The Ontonagon Boulder

Ontonagon Copper Boulder at the Smithsonian

Ontonagon Copper Boulder at the Smithsonian by Ian Shackleford

Today’s post is what we call a foreshadowing in the photo blog game. It concerns the extremely messy saga of the Ontonagon Boulder which is now at the Smithsonian Museum of Natural History. You can (and should) read it all, but here’s some highlights:

In 1669 the French government sent Louis Joliet to search for copper deposits in the area. Joliet decided to discover the Mississippi River instead.

English adventurer and fur trader Alexander Henry trips up the Ontonagon River in 1765 and 1771. An underwhelmed (and astoundingly wrong) Henry was unimpressed writing, “The copper ores of Lake Superior can never be profitably sought for but for local consumption….” The 5 million plus tons of copper 5,400,000 disagree.

In 1819 Gen. Lewis Cass directed an expedition to the boulder & sought to move it by burning thirty cords of wood around the boulder & throwing water on the hot copper which didn’t succeed in fracturing the boulder.

In 1841, Detroit hardware merchant Julius Eldred and an interpreter set out to buy the boulder from the Chippewa on whose land it stood for $150. He failed that time & the next, but in 1843 with a portable railway & car managed to move it (after having to buy the rock AGAIN from some Wisconsin miners for $1,365).

From the U.S. National Museum report of 1895: For four miles and a half, over hills 600 feet high, through valleys and deep ravines; through thick forests where the path had to be cut; through tangled underbrush, the home of pestiferous mosquitoes, this railway was laid and the copper bowlder (sic) was transported; and when at last the rock was lowered to the main stream, nature smiled on the labors of the workmen by sending a freshet to carry their heavily laden boat over the lower rapids and down to the lake.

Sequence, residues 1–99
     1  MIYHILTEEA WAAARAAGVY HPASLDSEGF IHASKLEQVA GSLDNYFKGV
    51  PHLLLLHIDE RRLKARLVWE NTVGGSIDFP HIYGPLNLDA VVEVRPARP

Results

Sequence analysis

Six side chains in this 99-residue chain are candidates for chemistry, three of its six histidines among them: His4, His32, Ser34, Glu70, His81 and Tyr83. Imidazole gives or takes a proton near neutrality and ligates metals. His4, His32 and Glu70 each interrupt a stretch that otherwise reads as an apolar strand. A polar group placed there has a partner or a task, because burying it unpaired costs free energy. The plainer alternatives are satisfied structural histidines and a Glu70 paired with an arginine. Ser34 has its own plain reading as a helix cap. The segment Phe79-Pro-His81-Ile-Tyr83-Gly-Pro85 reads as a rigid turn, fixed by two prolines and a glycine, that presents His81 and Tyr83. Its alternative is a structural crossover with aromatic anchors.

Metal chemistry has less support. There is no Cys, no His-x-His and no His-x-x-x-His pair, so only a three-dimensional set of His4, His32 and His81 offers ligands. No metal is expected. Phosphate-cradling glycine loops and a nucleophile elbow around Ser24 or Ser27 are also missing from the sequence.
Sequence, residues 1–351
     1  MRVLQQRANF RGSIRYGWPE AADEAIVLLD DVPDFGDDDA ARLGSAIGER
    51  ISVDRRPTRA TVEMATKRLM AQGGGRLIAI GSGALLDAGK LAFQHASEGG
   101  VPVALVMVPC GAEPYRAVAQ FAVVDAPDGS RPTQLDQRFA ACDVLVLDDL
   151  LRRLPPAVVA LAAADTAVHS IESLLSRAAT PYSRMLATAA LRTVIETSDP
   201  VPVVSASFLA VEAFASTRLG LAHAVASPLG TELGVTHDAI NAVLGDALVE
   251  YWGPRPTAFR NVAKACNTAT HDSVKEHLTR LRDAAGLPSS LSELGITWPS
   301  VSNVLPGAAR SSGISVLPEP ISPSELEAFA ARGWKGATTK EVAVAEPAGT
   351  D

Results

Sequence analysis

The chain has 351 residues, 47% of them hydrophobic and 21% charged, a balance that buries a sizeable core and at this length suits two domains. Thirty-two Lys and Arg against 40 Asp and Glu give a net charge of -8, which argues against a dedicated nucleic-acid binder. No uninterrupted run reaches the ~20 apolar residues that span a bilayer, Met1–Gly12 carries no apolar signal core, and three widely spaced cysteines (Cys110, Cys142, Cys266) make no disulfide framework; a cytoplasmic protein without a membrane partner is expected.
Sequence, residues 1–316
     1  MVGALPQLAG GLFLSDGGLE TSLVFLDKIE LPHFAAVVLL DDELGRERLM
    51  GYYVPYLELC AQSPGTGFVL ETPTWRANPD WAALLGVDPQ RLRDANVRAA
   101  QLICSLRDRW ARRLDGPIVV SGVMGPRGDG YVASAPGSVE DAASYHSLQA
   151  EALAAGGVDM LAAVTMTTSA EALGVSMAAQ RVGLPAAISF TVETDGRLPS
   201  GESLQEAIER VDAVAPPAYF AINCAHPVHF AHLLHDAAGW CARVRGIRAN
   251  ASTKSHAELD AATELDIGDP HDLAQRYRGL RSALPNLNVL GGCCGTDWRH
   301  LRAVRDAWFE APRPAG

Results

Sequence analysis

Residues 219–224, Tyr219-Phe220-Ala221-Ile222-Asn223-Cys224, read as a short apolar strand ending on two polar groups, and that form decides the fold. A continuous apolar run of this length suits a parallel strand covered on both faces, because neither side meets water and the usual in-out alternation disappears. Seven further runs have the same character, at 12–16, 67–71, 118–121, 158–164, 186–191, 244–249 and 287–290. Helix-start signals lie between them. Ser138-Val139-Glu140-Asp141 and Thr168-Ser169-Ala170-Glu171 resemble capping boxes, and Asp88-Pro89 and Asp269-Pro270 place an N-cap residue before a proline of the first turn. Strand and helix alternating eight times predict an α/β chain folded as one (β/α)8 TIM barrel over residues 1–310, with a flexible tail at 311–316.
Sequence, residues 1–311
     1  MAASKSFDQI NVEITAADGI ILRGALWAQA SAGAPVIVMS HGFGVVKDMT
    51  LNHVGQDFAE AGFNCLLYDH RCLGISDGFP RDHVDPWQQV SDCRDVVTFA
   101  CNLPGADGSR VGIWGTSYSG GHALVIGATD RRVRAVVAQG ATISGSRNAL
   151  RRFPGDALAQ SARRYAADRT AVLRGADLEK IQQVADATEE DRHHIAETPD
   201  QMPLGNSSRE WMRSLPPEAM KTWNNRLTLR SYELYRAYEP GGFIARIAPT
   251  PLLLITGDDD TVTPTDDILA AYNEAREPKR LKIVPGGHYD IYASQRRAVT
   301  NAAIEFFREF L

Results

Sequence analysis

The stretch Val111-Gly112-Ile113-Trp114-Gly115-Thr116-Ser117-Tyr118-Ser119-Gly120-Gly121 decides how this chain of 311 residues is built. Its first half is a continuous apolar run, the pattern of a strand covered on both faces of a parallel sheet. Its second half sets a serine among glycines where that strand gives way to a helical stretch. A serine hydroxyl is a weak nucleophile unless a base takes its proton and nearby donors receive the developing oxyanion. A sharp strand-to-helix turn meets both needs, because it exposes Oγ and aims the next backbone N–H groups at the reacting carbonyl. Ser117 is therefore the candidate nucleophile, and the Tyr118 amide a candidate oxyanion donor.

At this long-awaited, triumphant point, Eldred was confronted by an order from the Secretary of War to General Cunningham, directing that the copper boulder be seized for transportation to Washington.

“The persons [Eldred and his sons] claiming the rock have no right to it,” the Secretary decreed, “but justice and equity would require that they be amply compensated for the trouble and expense of its removal from its position on the Ontonagon to the lake; and for this purpose General C. will examine their accounts and allow them the costs, compensating them fully and fairly therefore, the sum, however, not to exceed $700….”

In the end & with the help of Congress, Eldred received $5,664.98 which is roughly $200,000 in today’s dollars.

Read lots more from the Smithsonian & also check out a more detailed look at the drama around Eldred from The Mining Journal.

The photo was taken by Ian Shackleford & appears in the Wikipedia entry for the Boulder

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Haunted Michigan: Mishipeshu, the Water Panther

Note: While this is a tale of Michigan, it’s not a photo of Michigan, but rather Ontario!! That might be the scariest thing about today’s post – I hope that you all can deal with it! ;)